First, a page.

Today, TechFreedom filed comments in response to the Federal Aviation Administration (FAA) and Department of Transportation’s (DOT) Notice of Proposed Rulemaking (NPRM) on mitigation methods for the creation of orbital debris, related to launch upper stages.

“The FAA likely lacks the statutory authority needed to promulgate rules on orbital debris,” said James E. Dunstan, TechFreedom’s General Counsel. “Although the NPRM properly identifies the nature and extent of this issue, the agency is not free to promulgate rules beyond the powers delegated by Congress. The entire purpose of this proceeding appears to have little to nothing to do with the traditional role of the FAA in protecting the health and safety of the uninvolved public from launch and reentry activities. There has never been a recorded incident of injury caused by a reentering man-made space object, not even from large objects, such as the spent upper stages to which the proposed rules are directed.”

“The NPRM is correct that NEPA is not implicated in this proceeding,” Dunstan continued. “TechFreedom is pleased that the NPRM specifically concludes that any orbital debris regulations are categorically exempt from environmental assessments or environmental impact statements under NEPA. NEPA is quickly becoming the weapon of choice for those opposed to the U.S. commercial space industry, or even by aerospace companies wishing to stop, or at least slow down, their competitors. On multiple occasions, TechFreedom has filed amicus briefs in appeals of FCC decisions related to satellite licensing where claims were made that the FCC must undertake an environmental assessment of the impact of their actions.”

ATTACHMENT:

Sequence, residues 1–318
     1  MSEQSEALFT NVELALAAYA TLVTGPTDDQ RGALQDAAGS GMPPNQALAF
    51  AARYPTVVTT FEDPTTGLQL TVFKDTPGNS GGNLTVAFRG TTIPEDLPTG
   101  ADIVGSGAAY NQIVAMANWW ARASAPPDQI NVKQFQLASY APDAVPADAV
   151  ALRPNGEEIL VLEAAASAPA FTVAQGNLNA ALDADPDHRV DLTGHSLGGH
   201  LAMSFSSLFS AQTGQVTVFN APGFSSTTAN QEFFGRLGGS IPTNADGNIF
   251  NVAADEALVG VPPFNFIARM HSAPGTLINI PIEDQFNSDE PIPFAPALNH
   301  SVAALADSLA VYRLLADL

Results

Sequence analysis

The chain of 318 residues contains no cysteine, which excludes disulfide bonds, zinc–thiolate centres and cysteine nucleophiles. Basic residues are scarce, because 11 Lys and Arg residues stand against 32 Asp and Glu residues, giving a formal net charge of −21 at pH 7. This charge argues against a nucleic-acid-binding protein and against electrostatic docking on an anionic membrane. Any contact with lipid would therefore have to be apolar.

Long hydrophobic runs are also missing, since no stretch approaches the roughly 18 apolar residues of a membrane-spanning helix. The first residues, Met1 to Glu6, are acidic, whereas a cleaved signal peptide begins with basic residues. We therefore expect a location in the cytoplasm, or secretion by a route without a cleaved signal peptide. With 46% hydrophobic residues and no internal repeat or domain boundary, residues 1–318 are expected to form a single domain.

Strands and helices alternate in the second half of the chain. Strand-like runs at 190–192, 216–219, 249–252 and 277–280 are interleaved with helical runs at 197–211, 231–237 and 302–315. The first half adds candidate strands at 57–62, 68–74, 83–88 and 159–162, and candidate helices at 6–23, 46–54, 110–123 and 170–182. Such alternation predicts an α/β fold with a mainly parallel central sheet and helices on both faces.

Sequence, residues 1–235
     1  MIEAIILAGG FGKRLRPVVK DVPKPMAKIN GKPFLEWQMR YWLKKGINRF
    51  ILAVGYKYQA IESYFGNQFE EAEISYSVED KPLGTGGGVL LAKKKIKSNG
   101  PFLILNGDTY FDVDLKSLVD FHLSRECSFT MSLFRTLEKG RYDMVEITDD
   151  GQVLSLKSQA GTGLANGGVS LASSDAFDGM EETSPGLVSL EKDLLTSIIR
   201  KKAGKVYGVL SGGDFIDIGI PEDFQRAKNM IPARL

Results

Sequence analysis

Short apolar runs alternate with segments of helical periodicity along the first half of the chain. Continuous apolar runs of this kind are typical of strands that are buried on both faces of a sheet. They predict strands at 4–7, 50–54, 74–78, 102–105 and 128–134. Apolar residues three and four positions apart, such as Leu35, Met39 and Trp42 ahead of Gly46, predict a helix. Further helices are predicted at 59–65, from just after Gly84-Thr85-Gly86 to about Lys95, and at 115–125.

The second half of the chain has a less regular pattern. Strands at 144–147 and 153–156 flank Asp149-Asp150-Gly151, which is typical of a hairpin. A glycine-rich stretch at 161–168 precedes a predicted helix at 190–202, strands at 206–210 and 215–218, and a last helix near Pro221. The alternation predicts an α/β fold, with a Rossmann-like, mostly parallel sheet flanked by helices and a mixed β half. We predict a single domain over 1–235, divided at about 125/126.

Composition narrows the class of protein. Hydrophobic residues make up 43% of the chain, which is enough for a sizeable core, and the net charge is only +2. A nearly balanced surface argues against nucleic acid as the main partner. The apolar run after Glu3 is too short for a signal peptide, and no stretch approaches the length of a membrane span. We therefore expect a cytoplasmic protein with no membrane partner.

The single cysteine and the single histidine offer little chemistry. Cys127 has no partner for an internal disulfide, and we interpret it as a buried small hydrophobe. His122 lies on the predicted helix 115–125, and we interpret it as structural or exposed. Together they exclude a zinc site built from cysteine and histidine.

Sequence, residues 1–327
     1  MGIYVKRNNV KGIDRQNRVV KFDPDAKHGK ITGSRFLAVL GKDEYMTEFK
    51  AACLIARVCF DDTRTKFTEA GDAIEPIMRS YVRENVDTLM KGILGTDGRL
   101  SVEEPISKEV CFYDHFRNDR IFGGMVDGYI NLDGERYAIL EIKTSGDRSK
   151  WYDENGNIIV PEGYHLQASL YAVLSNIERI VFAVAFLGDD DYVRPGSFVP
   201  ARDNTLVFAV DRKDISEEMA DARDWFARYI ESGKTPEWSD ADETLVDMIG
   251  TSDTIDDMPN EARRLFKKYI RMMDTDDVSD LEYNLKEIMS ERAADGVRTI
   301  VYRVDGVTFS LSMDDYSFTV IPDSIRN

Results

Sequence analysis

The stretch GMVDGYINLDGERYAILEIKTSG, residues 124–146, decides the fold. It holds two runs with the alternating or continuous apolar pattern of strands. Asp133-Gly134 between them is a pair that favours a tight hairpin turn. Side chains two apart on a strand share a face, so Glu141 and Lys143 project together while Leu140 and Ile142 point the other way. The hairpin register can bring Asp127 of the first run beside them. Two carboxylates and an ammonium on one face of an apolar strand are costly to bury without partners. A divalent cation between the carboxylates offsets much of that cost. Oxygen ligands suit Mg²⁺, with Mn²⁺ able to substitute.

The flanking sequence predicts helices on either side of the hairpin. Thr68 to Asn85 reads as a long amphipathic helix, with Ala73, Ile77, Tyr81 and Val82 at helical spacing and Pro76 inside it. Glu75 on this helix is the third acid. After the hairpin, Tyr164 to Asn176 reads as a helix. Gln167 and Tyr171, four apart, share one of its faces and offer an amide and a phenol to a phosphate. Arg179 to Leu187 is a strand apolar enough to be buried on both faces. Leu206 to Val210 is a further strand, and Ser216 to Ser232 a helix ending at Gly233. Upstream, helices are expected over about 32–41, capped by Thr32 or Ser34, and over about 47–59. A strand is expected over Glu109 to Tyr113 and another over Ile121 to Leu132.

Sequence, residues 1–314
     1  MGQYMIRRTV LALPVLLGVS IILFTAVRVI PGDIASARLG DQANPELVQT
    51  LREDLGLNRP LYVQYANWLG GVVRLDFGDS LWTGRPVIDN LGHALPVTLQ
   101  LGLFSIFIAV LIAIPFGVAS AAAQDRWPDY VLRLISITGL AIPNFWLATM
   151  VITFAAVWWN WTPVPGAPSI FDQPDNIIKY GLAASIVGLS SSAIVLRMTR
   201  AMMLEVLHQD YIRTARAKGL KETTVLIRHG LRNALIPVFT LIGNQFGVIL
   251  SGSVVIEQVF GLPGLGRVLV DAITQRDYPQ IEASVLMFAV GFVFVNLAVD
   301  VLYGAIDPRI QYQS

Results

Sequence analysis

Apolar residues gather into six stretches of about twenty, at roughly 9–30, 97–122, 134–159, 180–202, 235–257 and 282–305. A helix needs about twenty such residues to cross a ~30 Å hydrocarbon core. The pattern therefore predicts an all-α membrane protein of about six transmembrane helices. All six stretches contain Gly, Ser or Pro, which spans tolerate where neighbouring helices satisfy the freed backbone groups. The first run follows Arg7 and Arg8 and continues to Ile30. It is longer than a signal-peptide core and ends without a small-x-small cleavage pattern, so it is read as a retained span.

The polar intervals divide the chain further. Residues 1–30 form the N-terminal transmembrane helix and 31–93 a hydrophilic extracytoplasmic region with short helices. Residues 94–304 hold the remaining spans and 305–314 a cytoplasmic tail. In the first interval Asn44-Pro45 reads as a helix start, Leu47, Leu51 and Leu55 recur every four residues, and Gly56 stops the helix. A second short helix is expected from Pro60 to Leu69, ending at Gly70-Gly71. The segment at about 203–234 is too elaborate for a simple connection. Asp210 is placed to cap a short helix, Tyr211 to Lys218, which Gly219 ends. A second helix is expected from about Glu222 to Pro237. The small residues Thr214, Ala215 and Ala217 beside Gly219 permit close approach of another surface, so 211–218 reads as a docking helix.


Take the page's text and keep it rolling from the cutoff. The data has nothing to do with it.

“Regulations should not allow foreign competitors the opportunity to overtake U.S. leadership in space,” Dunstan concluded. “Space operations cannot be made so difficult, or so expensive, that no American company can afford to participate. This is especially true if the United States is alone in imposing these regulatory burdens. While the U.S. should take the lead on the critical orbital debris issue, that leadership must be at the highest level—and  include clear congressional direction on which federal agencies are responsible for taking charge. But at the same time America leads, it can’t hamstring the U.S. launch industry and allow foreign competitors—especially those that do not share our democratic values—to catch up with and surpass U.S. dominance in commercial space.”


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